Hug Your Sons, Dads

Indrani Sen
Published in
3 min readOct 23, 2020

Photo: Lucas Uebel/Getty Images

I Miss Big, Wet, Embarrassing Kisses From My Father,” John DeVore wrote yesterday on his Medium site, Humungus.

It was a one-day-later reflection on a truly awful tweet—one that is (thankfully) already fading into the morass of toxicity that this election cycle has unleashed. John Cardillo, a right-wing pundit, captioned a photo of Joe Biden hugging his son with the question: “Does this look like an appropriate father/son interaction to you?”

“The message is both muddy and crystal clear,” DeVore writes:

Cardillo is plainly suggesting there is something… off… about these two men. He’s also mumbling another message under his breath: love is weakness.

I like to think of myself as a dirtbag sommelier so I also detected notes of homophobia in Cardillo’s obnoxious little one-liner. He’s singing a sad jingle to the macho faithful: any physical affection between men is… gay.

This is a bad thing, of course. To be gay. To love who you love.

This idea is brutally harmful, especially to those who espouse it. As the author and essayist Thomas McBee wrote in Forge last year, “The stubborn notion that there is one monolithic, ‘natural’ kind of masculinity — and the enforcement of its unyielding rules — has been blamed for an alarming litany of health risks in men, including suicide and heart failure. Part of the problem is that ‘traditional’ or dominant masculinity has as its central tenet the notion that expressing emotion or, crucially, asking for help, is ‘feminine’ and therefore ‘weak.’ Men who subscribe to traditional ideas of masculinity are less likely, therefore, to seek help, and may even not be treated properly when they do.”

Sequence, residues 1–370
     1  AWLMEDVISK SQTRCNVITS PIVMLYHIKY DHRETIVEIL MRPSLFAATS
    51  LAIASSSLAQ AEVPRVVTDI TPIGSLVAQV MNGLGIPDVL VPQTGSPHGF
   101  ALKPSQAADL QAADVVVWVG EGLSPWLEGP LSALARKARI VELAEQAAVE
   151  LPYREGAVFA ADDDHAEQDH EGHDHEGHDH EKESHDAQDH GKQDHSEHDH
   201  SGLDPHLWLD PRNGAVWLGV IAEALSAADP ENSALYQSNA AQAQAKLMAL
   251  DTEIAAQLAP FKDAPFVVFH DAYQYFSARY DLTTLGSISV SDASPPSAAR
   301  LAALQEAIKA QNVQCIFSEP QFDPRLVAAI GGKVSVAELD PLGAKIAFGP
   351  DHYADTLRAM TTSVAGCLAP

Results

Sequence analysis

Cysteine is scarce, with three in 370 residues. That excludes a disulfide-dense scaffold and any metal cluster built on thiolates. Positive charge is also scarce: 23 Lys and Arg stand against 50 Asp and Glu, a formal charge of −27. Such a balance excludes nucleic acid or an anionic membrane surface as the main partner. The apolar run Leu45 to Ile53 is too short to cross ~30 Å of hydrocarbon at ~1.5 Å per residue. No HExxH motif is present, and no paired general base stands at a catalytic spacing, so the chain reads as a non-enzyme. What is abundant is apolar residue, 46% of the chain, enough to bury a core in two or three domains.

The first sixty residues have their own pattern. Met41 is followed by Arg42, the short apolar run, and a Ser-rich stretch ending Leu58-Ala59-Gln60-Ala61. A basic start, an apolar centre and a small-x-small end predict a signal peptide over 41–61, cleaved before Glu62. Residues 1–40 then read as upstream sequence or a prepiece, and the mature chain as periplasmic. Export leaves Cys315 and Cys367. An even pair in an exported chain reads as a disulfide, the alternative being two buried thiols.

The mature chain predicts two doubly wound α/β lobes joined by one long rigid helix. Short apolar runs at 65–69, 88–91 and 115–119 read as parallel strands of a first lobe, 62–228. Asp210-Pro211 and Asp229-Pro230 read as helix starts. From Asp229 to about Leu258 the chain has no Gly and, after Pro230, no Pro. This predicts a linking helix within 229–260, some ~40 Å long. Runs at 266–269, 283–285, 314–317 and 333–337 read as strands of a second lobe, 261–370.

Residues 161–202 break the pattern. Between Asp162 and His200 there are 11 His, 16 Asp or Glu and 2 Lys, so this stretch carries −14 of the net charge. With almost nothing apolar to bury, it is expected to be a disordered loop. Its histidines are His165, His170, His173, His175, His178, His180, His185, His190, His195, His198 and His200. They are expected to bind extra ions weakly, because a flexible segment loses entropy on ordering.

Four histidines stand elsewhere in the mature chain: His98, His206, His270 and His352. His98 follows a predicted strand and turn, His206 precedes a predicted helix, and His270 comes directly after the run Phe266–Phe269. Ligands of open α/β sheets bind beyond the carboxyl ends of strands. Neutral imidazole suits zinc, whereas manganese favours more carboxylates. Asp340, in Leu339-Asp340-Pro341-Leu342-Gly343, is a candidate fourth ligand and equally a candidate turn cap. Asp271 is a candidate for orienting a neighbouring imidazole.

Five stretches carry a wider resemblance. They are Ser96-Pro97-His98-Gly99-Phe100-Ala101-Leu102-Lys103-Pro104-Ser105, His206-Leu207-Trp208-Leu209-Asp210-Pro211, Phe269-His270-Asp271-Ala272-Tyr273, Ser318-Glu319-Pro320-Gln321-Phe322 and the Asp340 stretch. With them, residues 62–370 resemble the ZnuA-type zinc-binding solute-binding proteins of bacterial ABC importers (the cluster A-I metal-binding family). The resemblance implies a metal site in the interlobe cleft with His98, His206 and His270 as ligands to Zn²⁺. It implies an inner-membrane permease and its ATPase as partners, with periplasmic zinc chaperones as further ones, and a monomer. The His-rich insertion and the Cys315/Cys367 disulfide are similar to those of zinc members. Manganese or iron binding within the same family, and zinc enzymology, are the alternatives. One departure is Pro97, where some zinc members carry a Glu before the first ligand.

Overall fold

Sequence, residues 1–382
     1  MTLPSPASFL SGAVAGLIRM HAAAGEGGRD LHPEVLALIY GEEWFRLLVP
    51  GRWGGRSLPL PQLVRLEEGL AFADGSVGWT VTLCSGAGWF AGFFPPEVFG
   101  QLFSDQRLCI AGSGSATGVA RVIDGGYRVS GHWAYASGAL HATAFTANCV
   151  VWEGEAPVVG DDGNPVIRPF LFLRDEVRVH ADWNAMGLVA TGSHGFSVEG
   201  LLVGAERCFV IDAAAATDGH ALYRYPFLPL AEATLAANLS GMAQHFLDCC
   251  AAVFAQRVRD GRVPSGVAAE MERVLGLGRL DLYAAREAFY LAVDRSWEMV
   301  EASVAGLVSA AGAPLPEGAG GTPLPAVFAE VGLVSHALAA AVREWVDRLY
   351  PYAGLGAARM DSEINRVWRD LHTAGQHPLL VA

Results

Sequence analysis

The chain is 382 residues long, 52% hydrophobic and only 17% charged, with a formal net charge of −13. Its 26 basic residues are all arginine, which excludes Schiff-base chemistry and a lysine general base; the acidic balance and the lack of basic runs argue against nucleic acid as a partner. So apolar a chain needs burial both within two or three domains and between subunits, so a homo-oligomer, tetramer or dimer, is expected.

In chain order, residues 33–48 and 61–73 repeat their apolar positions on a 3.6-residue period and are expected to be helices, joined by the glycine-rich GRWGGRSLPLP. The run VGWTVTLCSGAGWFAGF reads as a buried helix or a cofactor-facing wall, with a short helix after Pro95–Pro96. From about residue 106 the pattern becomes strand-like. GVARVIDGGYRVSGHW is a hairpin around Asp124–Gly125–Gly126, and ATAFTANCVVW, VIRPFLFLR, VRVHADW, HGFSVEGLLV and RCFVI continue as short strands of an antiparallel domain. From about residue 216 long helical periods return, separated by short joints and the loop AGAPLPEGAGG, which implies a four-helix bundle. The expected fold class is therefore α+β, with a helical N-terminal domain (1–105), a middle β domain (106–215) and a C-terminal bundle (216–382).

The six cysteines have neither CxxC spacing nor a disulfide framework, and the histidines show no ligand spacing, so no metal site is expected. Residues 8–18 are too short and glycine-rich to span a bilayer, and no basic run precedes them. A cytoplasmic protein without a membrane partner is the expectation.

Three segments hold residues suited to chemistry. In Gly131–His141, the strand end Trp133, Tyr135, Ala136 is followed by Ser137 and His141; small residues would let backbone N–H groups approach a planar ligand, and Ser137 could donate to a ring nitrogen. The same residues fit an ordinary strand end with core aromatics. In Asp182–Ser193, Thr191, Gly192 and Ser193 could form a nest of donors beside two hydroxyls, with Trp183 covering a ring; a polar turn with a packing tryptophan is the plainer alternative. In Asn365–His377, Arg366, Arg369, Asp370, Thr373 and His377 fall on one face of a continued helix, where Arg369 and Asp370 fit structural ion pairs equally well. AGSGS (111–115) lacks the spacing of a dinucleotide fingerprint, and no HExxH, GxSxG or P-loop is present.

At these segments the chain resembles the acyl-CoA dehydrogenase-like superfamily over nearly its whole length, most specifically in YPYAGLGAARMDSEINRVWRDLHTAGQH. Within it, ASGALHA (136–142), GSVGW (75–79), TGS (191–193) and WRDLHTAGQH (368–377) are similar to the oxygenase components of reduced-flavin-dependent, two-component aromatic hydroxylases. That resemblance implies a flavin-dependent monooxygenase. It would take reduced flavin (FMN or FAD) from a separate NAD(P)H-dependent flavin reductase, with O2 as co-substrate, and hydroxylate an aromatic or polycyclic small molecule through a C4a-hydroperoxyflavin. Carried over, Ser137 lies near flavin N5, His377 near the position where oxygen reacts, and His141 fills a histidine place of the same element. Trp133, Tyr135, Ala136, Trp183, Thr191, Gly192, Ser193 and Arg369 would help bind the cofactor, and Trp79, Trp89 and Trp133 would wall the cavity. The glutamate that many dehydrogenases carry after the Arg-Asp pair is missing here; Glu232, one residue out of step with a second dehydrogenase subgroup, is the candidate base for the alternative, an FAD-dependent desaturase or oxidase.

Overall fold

Of course, Cardillo’s ugly tweet was swiftly ratioed (“The roasting was hot and relentless,”…

Indrani Sen
Writer for

Editorial director at Medium, mom, gardener, cook. Formerly at Quartz.